China has abruptly delayed the release of key economic data, one day ahead of its scheduled release, as the ruling Communist Party gathers for a major political meeting amid a faltering economy.
The country̵[ads1]7;s National Bureau of Statistics updated its timetable on Monday, with the dates for a number of economic indicators – including the closely watched GDP growth – marked as “delayed”. The indicators, which were scheduled to be released on Tuesday, also include quarterly retail sales, industrial production and monthly unemployment rates.
The agency did not give a reason for the delay or set a new publication date.
Separately, the country’s customs authority has also postponed the release of monthly trade data, which was originally scheduled to come out on Friday.
The delay in the highly anticipated data coincides with the week-long 20th National Congress of the Communist Party in Beijing, where Chinese leader Xi Jinping is expected to secure a record-breaking third term in power. Priorities presented at the gathering will also set China’s trajectory for at least the next five years.
“The delay suggests the government believes the 20th Party Congress is the most important thing happening in China right now and wants to avoid other information flows that could create mixed messages,” said Iris Pang, chief economist for Greater China at ING Group. , in a research note on Tuesday.
Other analysts think it could be because the data sets aren’t pretty.
“My forecast is a further decline of 1.2% [on a quarterly basis for China’s GDP]. This would mean that China had joined the US in a technical recession, says Clifford Bennett, chief economist at ACY Securities.
The delay would make sense “from an imaging perspective,” he said. Some economists call two consecutive quarters of contraction a technical recession.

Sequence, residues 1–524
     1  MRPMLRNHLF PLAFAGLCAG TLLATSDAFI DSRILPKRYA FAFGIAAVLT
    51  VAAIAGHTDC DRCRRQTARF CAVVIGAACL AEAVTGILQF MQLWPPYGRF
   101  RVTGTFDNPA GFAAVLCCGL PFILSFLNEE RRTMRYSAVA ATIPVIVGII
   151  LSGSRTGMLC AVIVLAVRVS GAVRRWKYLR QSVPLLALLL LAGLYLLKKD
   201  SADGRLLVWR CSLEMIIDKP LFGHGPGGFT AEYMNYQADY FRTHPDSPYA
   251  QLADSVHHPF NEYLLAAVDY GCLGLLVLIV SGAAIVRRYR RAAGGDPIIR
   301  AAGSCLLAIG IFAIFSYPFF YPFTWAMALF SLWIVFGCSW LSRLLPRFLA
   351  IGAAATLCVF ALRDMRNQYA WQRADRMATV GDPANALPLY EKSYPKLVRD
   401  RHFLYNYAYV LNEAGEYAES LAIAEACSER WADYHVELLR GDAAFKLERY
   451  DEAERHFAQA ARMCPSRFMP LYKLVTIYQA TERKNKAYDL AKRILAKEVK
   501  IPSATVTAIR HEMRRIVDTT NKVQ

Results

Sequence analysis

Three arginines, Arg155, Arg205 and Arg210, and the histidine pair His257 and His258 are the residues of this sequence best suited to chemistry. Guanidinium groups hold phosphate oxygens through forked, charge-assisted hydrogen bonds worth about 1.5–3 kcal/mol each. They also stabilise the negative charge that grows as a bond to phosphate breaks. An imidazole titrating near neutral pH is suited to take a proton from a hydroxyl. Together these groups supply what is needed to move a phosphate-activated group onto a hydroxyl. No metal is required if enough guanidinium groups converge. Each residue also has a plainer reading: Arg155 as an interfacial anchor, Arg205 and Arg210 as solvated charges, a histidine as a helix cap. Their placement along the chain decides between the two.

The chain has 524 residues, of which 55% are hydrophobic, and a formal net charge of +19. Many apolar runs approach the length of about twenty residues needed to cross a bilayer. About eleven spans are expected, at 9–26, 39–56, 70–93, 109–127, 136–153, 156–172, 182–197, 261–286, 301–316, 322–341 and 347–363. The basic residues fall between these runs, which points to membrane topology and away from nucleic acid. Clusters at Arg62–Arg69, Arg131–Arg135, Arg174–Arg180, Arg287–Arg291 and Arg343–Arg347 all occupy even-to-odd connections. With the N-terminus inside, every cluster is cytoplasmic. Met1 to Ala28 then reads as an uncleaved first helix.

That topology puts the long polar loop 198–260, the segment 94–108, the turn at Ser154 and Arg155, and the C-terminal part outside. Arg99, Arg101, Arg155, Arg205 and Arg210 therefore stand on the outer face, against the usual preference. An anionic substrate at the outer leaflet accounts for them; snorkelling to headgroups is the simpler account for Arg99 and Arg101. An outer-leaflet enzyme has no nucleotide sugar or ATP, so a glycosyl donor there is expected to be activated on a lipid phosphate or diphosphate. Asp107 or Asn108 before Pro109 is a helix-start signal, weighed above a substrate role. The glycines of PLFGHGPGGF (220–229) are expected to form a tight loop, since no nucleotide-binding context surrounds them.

China’s GDP fell 2.6% in the second quarter from the previous one, reversing growth of 1.4% in the January to March period. On an annual basis, the economy increased by 0.4% in the second quarter.
Analysts have widely expected growth in the third quarter to remain weak, as severe Covid curbs, a deepening crisis in real estate and slowing global demand continue to weigh on the economy.
Economists polled by Reuters had expected China’s GDP to grow 3.4% in the third quarter from a year earlier. That would fall far short of the government’s full-year growth target of around 5.5%.
Many international organizations, including the IMF and the World Bank, have recently downgraded China’s GDP growth forecasts for this year.
Bennett expected third-quarter GDP data to be released after the party congress.
“When the release happens, we should all be prepared for some global financial market reactions if the world’s two largest economies are both in recession this year,” he said.
China’s economy is facing increasing challenges. Growth has stopped, youth unemployment is at a record high, and the housing market is in shambles. Constant Covid shutdowns have not only wreaked havoc on the economy, but also triggered growing social discontent.
In the 20th Party Congress report released on Sunday, Xi renewed his pledge to grow China into a “medium developed country” by 2035.
That would mean China would have to grow at an average growth rate of about 4.7% a year from 2021 to 2035, according to Larry Hu, chief China economist for Macquarie Group.
Hu added that the target may be difficult to achieve as the economy faces several structural headwinds, such as the real estate slump, an aging population and rising tensions between the US and China.